- Place the tamal in the steamer vertically leaning against the side of the pot, with the open end on top. Repeat this process until you run out of dough and all the tamales are in the steamer. Cover them with a layer of corn husks. If the steamer is not full, fill the empty spaces with more corn husks. Cover the pot and bring the water to a boil. Turn heat down to medium and cook for 40 minutes. Check the tamales, when they separate easily from the corn husk it means they are done. If they are not done, steam for 10 more minutes and check again.
- Remove steamer from the heat and let sit covered for 10 minutes. Uncover and let cool for at least an hour. Don’t be alarmed if the tamales seem really soft. As they cool, they will firm up.
Nutrition InformationYield 15 Serving Size 1
Amount Per Serving Calories 419Total Fat 19gSaturated Fat 7gTrans Fat 0gUnsaturated Fat 11gCholesterol 9mgSodium 956mgCarbohydrates 61gFiber 7gSugar 12gProtein 10g
Nutrition information is provided from nutritionix.com as a close estimate. If you have specific health issues please put the recipe information, including the exact ingredients you use, into the nutritional calculator your Dr. recommends.
Kathy’s Instant Pot Tip:
I have a few tamale recipes in my new Instant Pot cookbook, and you can steam them in your IP if you have one. For those of you who are on oil-free diets, I recommend trying pumpkin puree in place of the oil in tamales.
Place a deep steamer in your Instant Pot that has 1 cup water in it and carefully place the tamales in. Cook on high pressure for 20 minutes and let the pressure release naturally.
My mouth is watering, just looking at the picture and ingredients! I do have a couple questions & can hardly wait to get the answers!
I don’t have a Kindle, is there another format for people like me?
My husband is allergic to corn in all forms. Is there something else I can use instead of masa and husks? I know I’m asking a lot, but I know he’d LOVE to be able to eat them and I’d LOVE to be able to make it happen!
Thank you so much, Marcia
The book is also available on iTunes if you have a Mac or iPad. If you have a PC you can buy the kindle format and just download the kindle for PC app.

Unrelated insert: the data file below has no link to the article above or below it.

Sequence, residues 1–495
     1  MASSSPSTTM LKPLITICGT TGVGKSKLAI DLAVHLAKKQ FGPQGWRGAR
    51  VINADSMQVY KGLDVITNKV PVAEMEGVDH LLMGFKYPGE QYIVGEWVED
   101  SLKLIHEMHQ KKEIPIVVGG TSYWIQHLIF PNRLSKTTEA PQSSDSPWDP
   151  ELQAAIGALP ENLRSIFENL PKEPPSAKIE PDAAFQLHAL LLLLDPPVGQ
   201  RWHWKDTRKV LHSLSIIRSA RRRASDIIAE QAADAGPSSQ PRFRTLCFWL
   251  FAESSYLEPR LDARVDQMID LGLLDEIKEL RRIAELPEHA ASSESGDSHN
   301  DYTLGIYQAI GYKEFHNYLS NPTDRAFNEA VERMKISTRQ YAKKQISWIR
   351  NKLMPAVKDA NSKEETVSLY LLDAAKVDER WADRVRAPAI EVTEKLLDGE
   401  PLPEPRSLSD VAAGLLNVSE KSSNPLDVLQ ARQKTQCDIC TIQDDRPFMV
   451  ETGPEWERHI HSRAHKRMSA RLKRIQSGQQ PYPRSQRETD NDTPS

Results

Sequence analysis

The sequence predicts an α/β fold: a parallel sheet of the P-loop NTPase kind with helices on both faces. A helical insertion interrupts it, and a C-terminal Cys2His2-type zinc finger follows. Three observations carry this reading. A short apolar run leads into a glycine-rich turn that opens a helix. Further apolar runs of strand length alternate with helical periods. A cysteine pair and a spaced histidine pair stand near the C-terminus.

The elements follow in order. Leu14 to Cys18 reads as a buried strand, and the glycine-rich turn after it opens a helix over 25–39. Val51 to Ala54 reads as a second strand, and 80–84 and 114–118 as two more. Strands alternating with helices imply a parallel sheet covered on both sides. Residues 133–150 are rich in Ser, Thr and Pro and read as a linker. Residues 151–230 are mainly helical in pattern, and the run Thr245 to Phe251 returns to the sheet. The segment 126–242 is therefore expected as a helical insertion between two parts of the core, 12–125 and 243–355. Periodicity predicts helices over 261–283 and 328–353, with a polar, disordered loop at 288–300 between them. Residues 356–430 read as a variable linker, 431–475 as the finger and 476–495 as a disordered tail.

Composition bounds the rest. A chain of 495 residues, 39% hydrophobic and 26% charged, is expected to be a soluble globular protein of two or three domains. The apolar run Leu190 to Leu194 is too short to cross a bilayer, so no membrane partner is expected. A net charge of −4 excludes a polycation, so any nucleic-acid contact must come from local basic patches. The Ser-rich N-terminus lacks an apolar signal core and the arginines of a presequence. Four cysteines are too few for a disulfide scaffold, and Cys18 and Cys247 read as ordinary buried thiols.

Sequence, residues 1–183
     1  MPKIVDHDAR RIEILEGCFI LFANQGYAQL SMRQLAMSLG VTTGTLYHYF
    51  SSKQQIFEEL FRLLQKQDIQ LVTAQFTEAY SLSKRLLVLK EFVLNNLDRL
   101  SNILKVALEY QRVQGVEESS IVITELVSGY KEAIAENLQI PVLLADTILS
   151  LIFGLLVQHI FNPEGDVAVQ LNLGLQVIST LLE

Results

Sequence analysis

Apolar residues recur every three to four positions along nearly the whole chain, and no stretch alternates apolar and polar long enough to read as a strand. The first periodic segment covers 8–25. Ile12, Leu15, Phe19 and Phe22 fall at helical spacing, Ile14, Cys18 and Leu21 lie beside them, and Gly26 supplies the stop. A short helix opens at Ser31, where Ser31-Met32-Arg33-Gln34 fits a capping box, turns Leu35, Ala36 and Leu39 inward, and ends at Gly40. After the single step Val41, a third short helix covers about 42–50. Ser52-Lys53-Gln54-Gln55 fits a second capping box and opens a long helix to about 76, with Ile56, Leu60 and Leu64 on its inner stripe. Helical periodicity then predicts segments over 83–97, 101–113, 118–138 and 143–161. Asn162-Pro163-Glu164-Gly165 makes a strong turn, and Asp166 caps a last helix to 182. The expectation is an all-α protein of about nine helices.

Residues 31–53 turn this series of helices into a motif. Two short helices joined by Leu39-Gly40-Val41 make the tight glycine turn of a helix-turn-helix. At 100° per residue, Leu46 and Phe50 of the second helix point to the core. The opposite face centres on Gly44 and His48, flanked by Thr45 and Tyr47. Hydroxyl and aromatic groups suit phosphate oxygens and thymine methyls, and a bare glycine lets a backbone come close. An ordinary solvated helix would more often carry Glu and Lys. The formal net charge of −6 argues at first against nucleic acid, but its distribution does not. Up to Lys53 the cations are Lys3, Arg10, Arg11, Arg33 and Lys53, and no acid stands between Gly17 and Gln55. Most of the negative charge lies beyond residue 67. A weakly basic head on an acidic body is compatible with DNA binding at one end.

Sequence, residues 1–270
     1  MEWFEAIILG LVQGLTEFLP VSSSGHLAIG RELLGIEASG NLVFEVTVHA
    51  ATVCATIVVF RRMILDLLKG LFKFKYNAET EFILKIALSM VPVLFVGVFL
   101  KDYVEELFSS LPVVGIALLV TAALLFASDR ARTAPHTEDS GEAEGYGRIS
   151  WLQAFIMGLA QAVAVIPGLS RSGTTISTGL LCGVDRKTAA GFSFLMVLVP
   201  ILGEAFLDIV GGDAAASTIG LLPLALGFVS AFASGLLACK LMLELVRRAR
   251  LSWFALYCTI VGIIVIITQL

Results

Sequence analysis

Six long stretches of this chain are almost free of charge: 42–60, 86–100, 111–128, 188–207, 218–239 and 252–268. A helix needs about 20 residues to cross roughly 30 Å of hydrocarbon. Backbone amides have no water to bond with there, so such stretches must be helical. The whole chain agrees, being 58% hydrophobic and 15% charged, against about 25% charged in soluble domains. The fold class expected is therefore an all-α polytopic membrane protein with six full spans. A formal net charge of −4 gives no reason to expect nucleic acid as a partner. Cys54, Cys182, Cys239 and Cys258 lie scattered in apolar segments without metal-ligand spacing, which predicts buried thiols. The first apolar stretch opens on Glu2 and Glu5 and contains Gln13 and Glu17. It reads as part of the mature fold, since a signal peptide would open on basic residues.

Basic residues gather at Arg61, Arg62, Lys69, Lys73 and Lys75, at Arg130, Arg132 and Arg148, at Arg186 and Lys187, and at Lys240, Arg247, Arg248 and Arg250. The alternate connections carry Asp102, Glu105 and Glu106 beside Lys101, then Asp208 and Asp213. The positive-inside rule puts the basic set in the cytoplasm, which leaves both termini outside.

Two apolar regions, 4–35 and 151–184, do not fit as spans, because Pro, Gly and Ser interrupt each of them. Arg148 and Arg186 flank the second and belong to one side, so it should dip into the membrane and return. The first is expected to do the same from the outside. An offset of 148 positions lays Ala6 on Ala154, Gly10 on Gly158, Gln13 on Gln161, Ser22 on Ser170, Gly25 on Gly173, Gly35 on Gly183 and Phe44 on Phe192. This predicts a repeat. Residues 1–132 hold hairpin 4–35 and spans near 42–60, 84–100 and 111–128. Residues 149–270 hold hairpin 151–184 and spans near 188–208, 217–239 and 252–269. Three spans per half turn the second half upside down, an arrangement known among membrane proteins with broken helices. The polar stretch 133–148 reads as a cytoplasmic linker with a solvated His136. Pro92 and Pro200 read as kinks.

You can make tamales with rice flour. I would keep the same proportion of flour and fat, just substitute corn flour for rice flour. Add the liquid gradually in case you need more or less. The batter should have the consistency of a thick cake batter. Tamales can be wrapped in Swiss chard, banana leaves, foil or parchment paper. All would be good substitutes. I hope this helps.
Leticia Renee Perez says
My grandmother used mashed plantain or sweet potato, look up recipes for Pastaeles like this
In Guatemala they make some tamales with potatoes instead of corn and they are wrapped in banana leaves.
amy lynn says
Hi, I am a li’l sleep-deprived but I think I can help with at least one of your questions 🙂 I copied this from the top of the page, I know a lot of people who are allergic to corn, so I appreciated that they added this:
“She gives you other options to wrap your tamales in case you can’t get corn husks where you are, like Swiss chard or parchment paper”. So I guess in the book it will explain how to use one of those options.
And about not having a Kindle – do you have any kind of e-reader? Most of those and tablets (even smart phones I’m pretty sure, I’m poor so I have the cheapest Kindle Fire and a phone that just is a phone 🙂 Anyway, even if you have a home computer, there should be a place/app where you can read the book. I recommend going to Amazon dot com (I sort of live there, since I have the Kindle Fire, 🙂 I do love free books!) and they should have directions there for how to read Kindle books without a Kindle.
If you can’t find (and sorry I don’t have a link, I’ll go look in a bit and see what I can find) anything at Amazon, if you have Windows 10 there is a Kindle App, IIRC.
Hopefully one of those will work for you!! 🙂
amy lynn says
Ooh, found it! Actually from a link on this site, yay!
If you go to the page for Kathy’s book here
When you are there, you should see a pic of the cover of the (Yum, I want this book!!) book, and to the RIGHT of that it shows that it is available as a Kindle or Paperback book. Under where it says “Kindle”, click “read with our free App”, and that will show you all the places it works and how to do it. Hope that helps!!
So what’s the adobo part of the tamales?
Kathy Hester says
I believe it’s the spices. You could ask Dora on her blog, it’s her recipe.